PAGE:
Guy de Rothschild

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Guy de Rothschild
Guy de Rothschild.jpg
Born Guy Édouard Alphonse Paul de Rothschild
(1909-05-21)May 21, 1909
Paris, France
Died June 12, 2007(2007-06-12) (aged 98)
Paris, France
Residence Château de Ferrières
Hôtel Lambert
Education Lycée Condorcet
Lycée Louis-le-Grand
Occupation Soldier, financier, philanthropist, racehorse owner/breeder
Board member of
Religion Judaism
Spouse(s) Alix Hermine Schey de Koromla (m. 1937; div. 1956)
Marie-Hélène van Zuylen van Nyevelt (m. 1957; died 1996)
Children

with Schey de Koromla:

with van Zuylen van Nyevelt:

two stepdaughters:

  • Lili Krahmer
  • Bettina Krahmer
Parents Édouard A. J. de Rothschild
Germaine Alice Halphen
Honors Croix de Guerre

Baron Guy Édouard Alphonse Paul de Rothschild (pronounced: [baʁɔ̃ ɡi edwaːʁt‿alfɔ̃s pɔl də ʁɔt.ʃild]; May 21, 1909 – June 12, 2007) was a French banker and member of the Rothschild family. He chaired the bank Rothschild Frères from 1967 to 1979, when it was nationalized by the French government, and maintained possessions in other French and foreign companies including Imerys. He was named to the International Best Dressed List Hall of Fame in 1985.[1]

Early life and education[edit]

Baron Guy de Rothschild was born in Paris, the son of Baron Édouard de Rothschild (1868–1949) and his wife, the former Germaine Alice Halphen (1884–1975). He has three siblings. Guy's elder brother, Édouard Alphonse Émile Lionel (1906–1911), died at the age of four of appendicitis;[2] he also had two younger sisters, Jacqueline and Bethsabée. Half of his great-grandparents were Rothschilds. He was a great-great grandson of the German patriarch of the Rothschild family Mayer Amschel Rothschild (1743–1812), who founded the family's banking in the 18th century in Frankfurt, Germany.

He grew up at his parents' townhouse on the corner of the rue de Rivoli and the Place de la Concorde in Paris (a property once occupied by Talleyrand and now the United States Embassy) and their country estate at Château de Ferrières, 25 miles north-east of Paris. Château de Ferrières is a massive house built to a design by Joseph Paxton in the 1850s, based on Paxton's earlier design of Mentmore Towers for Baron Mayer de Rothschild of the English branch of the Rothschild family.

He was educated at the Lycée Condorcet and Lycée Louis-le-Grand in Paris, and by private tutors. He undertook military service with the cavalry at Saumur, and played golf for France. He won the Grand Prix de Sud-Ouest in 1948.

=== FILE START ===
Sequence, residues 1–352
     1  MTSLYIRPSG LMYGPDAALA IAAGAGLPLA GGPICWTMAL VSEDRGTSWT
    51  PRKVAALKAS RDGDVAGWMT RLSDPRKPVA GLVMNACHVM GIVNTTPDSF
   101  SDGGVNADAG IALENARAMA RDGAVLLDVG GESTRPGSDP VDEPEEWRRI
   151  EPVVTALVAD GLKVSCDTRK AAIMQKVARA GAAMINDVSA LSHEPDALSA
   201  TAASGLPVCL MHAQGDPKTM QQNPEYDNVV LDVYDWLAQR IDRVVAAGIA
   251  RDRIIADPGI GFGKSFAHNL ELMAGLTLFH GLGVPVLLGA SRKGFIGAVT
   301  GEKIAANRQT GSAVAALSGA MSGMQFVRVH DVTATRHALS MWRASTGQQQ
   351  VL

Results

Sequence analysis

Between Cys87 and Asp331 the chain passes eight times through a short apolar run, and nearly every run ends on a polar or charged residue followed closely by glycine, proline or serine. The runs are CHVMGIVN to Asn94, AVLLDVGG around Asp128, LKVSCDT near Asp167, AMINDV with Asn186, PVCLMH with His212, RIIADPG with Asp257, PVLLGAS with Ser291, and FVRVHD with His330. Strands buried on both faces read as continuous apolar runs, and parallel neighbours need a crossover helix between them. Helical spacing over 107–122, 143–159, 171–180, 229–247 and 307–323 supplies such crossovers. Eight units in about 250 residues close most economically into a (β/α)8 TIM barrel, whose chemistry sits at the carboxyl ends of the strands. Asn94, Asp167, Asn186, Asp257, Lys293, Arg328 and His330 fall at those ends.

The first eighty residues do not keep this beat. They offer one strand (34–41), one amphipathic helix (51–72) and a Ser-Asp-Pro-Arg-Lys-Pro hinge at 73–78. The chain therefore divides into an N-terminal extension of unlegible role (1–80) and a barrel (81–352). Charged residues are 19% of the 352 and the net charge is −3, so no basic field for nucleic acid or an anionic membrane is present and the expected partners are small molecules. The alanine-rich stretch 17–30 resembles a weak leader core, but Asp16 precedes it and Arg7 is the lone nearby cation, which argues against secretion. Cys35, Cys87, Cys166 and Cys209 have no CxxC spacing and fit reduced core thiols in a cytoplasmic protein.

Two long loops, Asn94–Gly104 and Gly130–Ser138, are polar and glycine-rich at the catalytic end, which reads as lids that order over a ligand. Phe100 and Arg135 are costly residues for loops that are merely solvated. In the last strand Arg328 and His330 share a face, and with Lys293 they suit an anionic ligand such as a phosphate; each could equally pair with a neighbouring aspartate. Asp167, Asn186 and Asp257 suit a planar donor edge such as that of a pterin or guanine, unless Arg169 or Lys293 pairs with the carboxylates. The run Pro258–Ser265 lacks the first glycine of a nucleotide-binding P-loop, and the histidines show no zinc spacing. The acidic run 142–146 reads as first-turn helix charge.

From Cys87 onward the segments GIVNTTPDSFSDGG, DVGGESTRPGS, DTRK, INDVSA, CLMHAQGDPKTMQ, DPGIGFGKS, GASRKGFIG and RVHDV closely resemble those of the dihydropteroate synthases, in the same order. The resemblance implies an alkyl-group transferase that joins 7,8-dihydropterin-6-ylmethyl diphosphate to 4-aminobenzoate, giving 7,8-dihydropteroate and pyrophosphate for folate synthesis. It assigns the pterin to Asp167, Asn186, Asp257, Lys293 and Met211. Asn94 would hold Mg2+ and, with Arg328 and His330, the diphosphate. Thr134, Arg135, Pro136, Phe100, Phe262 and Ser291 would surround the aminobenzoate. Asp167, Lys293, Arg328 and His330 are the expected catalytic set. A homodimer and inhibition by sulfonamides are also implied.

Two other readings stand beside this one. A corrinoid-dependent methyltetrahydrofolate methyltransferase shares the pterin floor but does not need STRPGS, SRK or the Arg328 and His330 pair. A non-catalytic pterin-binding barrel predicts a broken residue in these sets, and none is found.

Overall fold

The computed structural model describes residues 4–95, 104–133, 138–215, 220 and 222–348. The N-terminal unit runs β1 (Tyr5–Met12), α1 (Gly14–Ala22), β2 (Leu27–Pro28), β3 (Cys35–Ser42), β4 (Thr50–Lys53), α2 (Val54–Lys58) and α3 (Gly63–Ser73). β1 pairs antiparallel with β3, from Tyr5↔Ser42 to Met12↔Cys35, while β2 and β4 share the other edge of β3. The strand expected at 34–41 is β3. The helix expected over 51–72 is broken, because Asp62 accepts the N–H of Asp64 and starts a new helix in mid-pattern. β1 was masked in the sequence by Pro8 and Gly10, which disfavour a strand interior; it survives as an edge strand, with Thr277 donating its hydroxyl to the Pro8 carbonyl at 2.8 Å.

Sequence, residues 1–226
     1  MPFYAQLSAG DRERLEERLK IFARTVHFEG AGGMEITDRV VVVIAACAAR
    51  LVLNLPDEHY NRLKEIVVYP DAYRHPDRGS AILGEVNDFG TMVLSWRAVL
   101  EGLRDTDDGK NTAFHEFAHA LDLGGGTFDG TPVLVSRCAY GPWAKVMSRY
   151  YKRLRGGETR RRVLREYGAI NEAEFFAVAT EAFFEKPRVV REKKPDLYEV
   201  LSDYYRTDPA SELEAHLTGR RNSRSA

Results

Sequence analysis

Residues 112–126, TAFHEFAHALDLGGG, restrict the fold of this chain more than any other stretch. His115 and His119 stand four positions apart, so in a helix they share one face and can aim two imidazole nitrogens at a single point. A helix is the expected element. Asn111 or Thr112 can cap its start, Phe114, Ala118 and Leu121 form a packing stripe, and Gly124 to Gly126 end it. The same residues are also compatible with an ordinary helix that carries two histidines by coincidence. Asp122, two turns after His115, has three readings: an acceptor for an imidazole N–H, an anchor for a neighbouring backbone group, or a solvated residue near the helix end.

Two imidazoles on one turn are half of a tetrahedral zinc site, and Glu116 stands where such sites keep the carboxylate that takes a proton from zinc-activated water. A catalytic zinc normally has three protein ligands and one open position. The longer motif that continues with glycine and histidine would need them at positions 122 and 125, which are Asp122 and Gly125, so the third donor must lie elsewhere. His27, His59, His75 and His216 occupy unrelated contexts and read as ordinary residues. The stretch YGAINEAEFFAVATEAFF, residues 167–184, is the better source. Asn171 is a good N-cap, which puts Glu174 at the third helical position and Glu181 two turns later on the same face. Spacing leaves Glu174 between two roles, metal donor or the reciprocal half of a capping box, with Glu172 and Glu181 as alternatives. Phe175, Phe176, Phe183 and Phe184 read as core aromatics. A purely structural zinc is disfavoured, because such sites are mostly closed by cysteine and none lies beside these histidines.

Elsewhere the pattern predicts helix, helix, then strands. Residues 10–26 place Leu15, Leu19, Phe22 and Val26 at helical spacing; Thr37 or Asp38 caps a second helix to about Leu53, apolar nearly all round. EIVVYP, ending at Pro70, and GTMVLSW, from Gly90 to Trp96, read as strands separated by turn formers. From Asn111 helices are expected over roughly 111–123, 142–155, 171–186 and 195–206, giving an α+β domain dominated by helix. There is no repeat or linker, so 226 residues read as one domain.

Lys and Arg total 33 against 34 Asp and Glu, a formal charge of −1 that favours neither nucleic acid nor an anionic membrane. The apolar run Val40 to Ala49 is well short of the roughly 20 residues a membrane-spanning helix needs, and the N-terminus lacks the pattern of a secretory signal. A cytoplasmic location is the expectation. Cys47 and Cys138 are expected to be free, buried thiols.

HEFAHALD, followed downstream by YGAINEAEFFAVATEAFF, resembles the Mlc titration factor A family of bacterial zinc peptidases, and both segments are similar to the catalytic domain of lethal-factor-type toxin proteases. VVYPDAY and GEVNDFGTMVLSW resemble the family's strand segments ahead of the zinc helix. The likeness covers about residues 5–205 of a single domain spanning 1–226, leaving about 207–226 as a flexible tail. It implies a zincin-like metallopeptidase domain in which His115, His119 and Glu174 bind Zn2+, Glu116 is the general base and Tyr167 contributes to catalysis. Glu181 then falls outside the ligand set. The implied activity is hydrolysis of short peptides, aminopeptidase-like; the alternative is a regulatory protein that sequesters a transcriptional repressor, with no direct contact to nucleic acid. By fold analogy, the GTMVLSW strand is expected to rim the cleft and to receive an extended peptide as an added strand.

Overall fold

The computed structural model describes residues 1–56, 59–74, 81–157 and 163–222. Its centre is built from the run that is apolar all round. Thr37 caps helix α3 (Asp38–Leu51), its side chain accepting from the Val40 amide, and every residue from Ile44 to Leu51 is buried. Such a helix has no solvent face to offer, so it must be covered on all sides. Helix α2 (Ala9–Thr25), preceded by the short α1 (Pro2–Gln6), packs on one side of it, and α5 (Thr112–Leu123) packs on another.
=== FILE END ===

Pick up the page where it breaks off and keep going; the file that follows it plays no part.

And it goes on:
Personal life[edit]

Guy de Rothschild married twice:

  • In 1937, he married a distant cousin, Baroness Alix Hermine Jeanette Schey de Koromla (1911–1982). Alix was the former wife of Kurt Krahmer and the younger daughter of Baron Philipp Schey von Koromla, the first Hungarian Jew to be made an Austrian noble.[3] They had one child, David René de Rothschild (born 1942). Rothschild also raised his wife's daughters from her prior marriage to Krahmer, Lili and Bettina. They divorced in 1956.

After his second marriage, Guy de Rothschild renovated the Château de Ferrières, using it to put on lavish balls in the early 1970s, before donating it to the University of Paris in 1975. The same year, he bought the Hôtel Lambert on the Île Saint-Louis in Paris, the top floors of which became his Paris residence.

Service in World War II[edit]

In 1940, as a result of the German occupation of France in World War II, Guy de Rothschild's parents and sister Bethsabée fled France and made their way to safety in New York City. Guy de Rothschild had enlisted in the French Army and was a company commander in the 3rd Light Mechanised Division during the Battle of France in early 1940. After fighting the Nazis at Carvin, he was part of the French Army that was forced to retreat to Dunkirk. He was awarded the Croix de Guerre for his actions on the beaches at Dunkirk, from where he was evacuated to England. He immediately returned to France, landing at Brest, and taking charge of the family's office at La Bourboule, near Clermont-Ferrand.

Under the Vichy government, his father and uncles were stripped of their French nationality, removed from the register of the Légion d'honneur, and the family was forced to sell its possessions. Rothschild managed to persuade the buyers to grant options under which he would later be able to buy the family's interests back. He left France again, via Spain and Portugal, to join his parents in New York City. He joined the Free French Forces and boarded the cargo ship, Pacific Grove, to travel back to Europe. His ship was torpedoed and sunk in March 1943, and he was rescued after spending 12 hours in the waters of the Atlantic Ocean. In England, he joined the staff of General Koenig at Supreme Headquarters Allied Expeditionary Force near Portsmouth.

Banking and business[edit]

Guy de Rothschild studied law at university then joined de Rothschild Frères in 1931 when it was being run by his father and a cousin, Robert Philippe de Rothschild, who died in 1946. As part of his learning to manage the family's businesses, in 1933 he joined the executive board of their Northern Railway Company.